Acceleration and Deferral
The act generally prohibits the acceleration of benefits. A plan cannot permit acceleration of the time or schedule of any payment, except as provided by IRS regulations. Thus, changes in the form of distribution that accelerate payments, such as a change from installment payments to a lump sum, result in income inclusion. Plans that allow participants to choose between a lump sum and installment payments must make the lump sum the default option. If installment payments were the default option, an election of the lump sum would cause an impermissible acceleration.
For an initial deferral election, the plan must provide that a participant can elect to defer compensation for services performed during a taxable year either not later than the close of the preceding taxable year, or at any other time provided by IRS regulations. In addition, the time and form of distribution must be specified in the initial deferral election. For performance-based bonuses for services performed over at least 12 months, the participant must make the initial deferral election no later than six months before the end of the service period.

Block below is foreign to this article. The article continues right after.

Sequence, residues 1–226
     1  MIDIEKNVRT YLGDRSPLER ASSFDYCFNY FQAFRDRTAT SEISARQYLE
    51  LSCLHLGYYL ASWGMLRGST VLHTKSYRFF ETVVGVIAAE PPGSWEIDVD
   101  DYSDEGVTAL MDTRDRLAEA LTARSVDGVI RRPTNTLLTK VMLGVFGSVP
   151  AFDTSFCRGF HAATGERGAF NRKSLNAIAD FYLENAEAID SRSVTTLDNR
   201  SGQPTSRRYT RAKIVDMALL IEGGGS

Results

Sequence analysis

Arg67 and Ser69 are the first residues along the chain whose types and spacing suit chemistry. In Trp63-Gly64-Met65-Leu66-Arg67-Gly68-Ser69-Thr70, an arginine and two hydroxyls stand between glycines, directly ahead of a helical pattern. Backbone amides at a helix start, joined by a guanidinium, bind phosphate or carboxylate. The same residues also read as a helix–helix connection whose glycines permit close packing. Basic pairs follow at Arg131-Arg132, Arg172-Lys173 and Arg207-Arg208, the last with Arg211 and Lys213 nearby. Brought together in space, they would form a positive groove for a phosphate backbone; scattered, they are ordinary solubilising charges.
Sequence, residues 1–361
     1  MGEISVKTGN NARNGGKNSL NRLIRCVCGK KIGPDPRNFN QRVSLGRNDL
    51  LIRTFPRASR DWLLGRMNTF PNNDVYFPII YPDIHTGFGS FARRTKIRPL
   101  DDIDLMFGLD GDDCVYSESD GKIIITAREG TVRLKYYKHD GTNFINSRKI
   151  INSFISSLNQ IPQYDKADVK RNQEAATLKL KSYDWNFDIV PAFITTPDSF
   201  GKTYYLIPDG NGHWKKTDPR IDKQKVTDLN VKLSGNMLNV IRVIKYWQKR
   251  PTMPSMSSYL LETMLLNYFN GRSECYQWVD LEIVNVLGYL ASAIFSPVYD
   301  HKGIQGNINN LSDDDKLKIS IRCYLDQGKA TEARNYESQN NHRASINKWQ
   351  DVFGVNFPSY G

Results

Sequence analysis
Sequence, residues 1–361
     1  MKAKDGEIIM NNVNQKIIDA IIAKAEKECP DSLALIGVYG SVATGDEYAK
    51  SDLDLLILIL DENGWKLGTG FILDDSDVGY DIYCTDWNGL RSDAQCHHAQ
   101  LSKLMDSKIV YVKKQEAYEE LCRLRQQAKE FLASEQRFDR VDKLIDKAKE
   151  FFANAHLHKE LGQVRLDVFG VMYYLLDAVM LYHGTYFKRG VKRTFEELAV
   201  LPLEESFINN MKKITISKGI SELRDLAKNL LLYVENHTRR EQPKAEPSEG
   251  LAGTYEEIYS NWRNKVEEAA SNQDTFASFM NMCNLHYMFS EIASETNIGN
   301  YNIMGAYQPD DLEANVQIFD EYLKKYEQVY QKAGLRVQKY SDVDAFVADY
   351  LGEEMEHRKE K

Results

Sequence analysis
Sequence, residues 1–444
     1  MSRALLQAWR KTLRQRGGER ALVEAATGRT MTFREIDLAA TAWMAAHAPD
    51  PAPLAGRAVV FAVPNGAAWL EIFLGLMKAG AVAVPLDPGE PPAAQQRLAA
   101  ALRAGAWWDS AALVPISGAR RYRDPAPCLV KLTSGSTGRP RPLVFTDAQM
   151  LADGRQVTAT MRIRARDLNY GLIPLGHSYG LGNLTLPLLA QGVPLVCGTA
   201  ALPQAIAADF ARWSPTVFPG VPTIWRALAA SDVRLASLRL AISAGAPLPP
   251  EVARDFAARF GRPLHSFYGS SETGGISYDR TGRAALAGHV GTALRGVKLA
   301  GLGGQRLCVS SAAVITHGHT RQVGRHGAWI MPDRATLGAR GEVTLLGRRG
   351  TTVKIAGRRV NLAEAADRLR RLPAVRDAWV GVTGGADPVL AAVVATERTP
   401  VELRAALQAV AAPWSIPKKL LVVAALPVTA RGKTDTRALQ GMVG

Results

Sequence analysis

A performance-based bonus means that payment of the bonus, or the amount thereof, is contingent on satisfying organizational or individual performance criteria, and the criteria are not substantially certain to be met at the time of the deferral election. A performance-based bonus does not include any amount that is based “solely” on the value of, or appreciation in the value of, employer stock. Thus, these criteria can be one of multiple performance criteria. Finally, a performance-based bonus may be based on subjective performance criteria that relate to the performance of the participant, a group of service providers that includes the participant, or a unit or organization for which the participant provides services.
A plan can permit a subsequent election to change the time or form of distribution only if the plan contains the following requirements:
- The election cannot take effect until at least 12 months after it is made;